Anika Moa and four-fifths of TrueBliss in Anika Moa Unleashed.

In praise of Anika Moa Unleashed’s 20 year reunion of TrueBliss

Anika Moa Unleashed finished up its second season with its most coveted and triumphant get yet: a 20 year reunion of TrueBliss.

Okay, so it’s not all of TrueBliss. But one less Carly Binding and one plus Anika Moa is still a pretty damn good effort at a reunion.

I’m getting ahead of myself, though.

I’m on the record as being a huge fan of Anika Moa and Anika Moa Unleashed. The show has, time and again, proven her as one of our nation’s finest interviewers. In some ways, she’s the flipside of should-be-a-Dame Kim Hill. There’s a disarming frankness to her that has her interviewees saying more than they’d perhaps planned on saying. She makes the jokes that everybody knows are lingering, and deflates any tension in the room by naming them. It clears the air and makes things more comfortable for her, the interviewee and the audience.

However, I don’t even think Kim Hill could’ve pulled this off.

Case in point: Moa’s first interview in this TrueBliss two-parter is with Jo Cotton, arguably the most visible of the Blissers in the 20 years since the formation of the band. In the space of a few minutes, Moa gets Cotton to talk about her breasts, her Botox, and a frank discussion about the latter’s weight. It feels cathartic without feeling heavy and funny without making anybody the butt of any jokes.

This vibe continues with her interviews with the rest of the girls with the notable exception of Carly Binding, who doesn’t reply to Anika Moa’s onscreen phonecall. It’s later explained that Binding hasn’t been interested in any of the group’s reunion efforts, which is handled with remarkable chillness and diplomacy by both the band and Moa – nobody’s here to rekindle drama that’s long burnt down to ash.

TrueBliss in a backseat on Ponsonby Road.

As for the rest of the band? Erika Takacs is a production coordinator for her husband’s stunt company, Megan Cassie has done some presenting in Japan, and Keri Harper… isn’t given her own interview segment, but her voice is still fantastic. When Anika interviews the four women together, you get the feeling that these people are friends and have a sense of humour about their experiences, especially their one-time ubiquitous fame.

The most disarming and heartwarming part is when the band receives testimonials from famous New Zealanders. There’s Jeremy Wells, Stacey Morrison, Robert Rakete, ZM’s Fletch and Vaughn, and even Prime Minister Jacinda Ardern. They’re genuinely moved and excited about them with a grace I hope any of us would have were we to ever become famous.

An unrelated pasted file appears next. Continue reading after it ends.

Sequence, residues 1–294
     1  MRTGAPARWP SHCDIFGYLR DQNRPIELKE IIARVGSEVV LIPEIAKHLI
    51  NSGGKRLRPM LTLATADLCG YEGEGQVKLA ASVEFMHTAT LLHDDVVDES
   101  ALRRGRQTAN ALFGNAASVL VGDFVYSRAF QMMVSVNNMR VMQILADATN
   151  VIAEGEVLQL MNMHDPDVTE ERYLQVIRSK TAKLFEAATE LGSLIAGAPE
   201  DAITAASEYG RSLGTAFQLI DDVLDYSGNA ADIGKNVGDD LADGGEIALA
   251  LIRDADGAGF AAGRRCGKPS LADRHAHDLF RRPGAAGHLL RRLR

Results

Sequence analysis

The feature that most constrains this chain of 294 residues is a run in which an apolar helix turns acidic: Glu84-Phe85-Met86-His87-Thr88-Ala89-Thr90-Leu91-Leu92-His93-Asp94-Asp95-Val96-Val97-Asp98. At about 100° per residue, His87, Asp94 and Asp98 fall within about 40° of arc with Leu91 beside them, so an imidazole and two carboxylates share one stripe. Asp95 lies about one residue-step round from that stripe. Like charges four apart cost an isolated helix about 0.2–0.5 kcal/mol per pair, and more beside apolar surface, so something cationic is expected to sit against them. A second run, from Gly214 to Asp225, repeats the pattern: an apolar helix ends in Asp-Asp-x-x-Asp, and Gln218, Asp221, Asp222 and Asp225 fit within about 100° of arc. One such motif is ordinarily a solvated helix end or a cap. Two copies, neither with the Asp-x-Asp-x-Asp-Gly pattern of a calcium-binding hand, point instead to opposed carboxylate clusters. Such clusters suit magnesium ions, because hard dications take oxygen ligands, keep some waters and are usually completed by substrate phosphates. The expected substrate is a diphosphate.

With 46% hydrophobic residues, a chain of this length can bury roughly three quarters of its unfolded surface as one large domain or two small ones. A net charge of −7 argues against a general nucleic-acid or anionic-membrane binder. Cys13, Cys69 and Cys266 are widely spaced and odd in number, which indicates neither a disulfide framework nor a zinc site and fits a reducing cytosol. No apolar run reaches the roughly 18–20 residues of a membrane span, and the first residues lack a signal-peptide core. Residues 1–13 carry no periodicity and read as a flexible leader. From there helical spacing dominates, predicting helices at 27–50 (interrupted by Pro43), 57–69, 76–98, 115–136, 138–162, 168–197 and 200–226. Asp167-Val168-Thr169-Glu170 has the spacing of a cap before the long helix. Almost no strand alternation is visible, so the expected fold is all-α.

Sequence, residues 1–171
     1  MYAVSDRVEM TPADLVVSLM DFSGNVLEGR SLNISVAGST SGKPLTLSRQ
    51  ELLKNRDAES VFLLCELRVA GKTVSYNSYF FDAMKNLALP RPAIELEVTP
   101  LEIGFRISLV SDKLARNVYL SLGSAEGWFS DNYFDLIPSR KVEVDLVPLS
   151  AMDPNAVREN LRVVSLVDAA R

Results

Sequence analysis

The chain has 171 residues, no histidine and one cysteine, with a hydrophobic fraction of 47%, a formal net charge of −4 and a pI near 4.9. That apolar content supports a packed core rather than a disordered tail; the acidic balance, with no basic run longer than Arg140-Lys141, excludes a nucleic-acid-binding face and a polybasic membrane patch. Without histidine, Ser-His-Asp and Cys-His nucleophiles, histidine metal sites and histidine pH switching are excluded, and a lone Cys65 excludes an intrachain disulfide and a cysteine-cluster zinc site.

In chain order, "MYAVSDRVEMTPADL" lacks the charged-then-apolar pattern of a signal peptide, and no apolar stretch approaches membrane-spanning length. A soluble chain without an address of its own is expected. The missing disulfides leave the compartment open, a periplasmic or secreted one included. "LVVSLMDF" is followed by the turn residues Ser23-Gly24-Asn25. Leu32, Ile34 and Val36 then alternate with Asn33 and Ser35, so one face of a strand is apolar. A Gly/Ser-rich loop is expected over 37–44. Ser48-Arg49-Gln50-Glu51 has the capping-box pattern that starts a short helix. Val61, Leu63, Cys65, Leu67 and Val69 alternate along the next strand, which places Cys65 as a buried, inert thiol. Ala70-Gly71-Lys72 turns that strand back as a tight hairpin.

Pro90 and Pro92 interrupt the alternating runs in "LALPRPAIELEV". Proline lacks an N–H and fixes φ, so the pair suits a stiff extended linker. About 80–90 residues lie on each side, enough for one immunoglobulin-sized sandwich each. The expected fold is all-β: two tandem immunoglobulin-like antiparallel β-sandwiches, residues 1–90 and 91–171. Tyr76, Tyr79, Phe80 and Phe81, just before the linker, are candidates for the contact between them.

In saying all this, a true star is one who knows when to take focus and when to let others take centre stage. Part of what keeps Anika Moa Unleashed a vibrant and lively show is that Moa (and, it has to be said, the team around her) knows when to forefront her humour and when to let it step into the background.

Her arguments with Siri (like about how to pronounce Tāupo) and her side comments (like when she approaches Takacs’ Remuera house and notes about the cars, ‘Probably married, married money’) are peppered throughout. There’s a reason why she’s hosting this show, and it’s because she can do every part of the job better than more or less anybody in this country can. She can host, she can interview, she can joke, and she can pull the human out of even the most media-trained shell of a person.

Anika Moa, our best interviewer, no questions.

Which is why, despite the refreshing candidness of these two episodes which is a common factor throughout the entire Unleashed series, the real triumph is what the show does with the ending.

These episodes had every chance to be a shame-tour: to make fun of a band that exists as a funny memory for a lot of New Zealanders, to drag four women who were the most famous women in the country for a hot minute and promptly forgotten since then. Instead, it’s a chance for TrueBliss to reclaim their narrative, to show that their lives didn’t stop or go off the rails after the dissolution of the band. Instead, they continued to be people.

It also reminds us what made them special in the first place with the second episode ending with an acoustic version of their number one hit ‘Tonight’. These women can sing. These women have charisma. They’re performers. They won a damn TV show!

TrueBliss and special guest Anika Moa.

With Anika Moa taking the place of Carly Binding, it could’ve been a chance for her to upstage them, or make fun of their song, or make fun of them as performers. Instead, she’s there singing with them and supporting them. She cedes the spotlight of her own show over to her guests as she does in every episode. But in the moment, it feels like an act of grace, and it’s a beautiful one.

For three minutes, it hands control of TrueBliss’ public narrative back over to the women who’ve owned their private narratives for two decades. Anika Moa Unleashed has excelled in giving celebrities a chance to own their own running jokes and public mishaps, but in the last moments of this season, it allows four women to publicly own their own second act.

It’s an achievement that’s more than just heartwarming: it’s downright commendable. Give it a third season, a fourth season, and put Anika Moa on our screens more often.

You can watch all two seasons of Anika Moa Unleashed on TVNZ on Demand right here.


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